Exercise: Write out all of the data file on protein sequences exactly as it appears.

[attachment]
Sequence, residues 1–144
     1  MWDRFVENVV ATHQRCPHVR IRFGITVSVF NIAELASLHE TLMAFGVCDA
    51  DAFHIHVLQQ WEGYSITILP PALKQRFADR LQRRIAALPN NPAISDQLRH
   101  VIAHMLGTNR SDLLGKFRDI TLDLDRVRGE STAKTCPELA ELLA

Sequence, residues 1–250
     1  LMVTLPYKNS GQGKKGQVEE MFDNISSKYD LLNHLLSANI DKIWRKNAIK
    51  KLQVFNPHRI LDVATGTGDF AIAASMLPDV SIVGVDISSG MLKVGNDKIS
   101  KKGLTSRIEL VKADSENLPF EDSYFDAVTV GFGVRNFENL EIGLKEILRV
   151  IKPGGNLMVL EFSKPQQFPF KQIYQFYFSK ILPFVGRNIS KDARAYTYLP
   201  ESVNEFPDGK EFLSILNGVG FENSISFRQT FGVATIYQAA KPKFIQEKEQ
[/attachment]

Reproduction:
Sequence, residues 1–144
     1  MWDRFVENVV ATHQRCPHVR IRFGITVSVF NIAELASLHE TLMAFGVCDA
    51  DAFHIHVLQQ WEGYSITILP PALKQRFADR LQRRIAALPN NPAISDQLRH
   101  VIAHMLGTNR SDLLGKFRDI TLDLDRVRGE STAKTCPELA ELLA

Sequence, residues 1–250
     1  LMVTLPYKNS GQGKKGQVEE MFDNISSKYD LLNHLLSANI DKIWRKNAIK
    51  KLQVFNPHRI LDVATGTGDF AIAASMLPDV SIVGVDISSG MLKVGNDKIS
   101  KKGLTSRIEL VKADSENLPF EDSYFDAVTV GFGVRNFENL EIGLKEILRV
   151  IKPGGNLMVL EFSKPQQFPF KQIYQFYFSK ILPFVGRNIS KDARAYTYLP
   201  ESVNEFPDGK EFLSILNGVG FENSISFRQT FGVATIYQAA KPKFIQEKEQ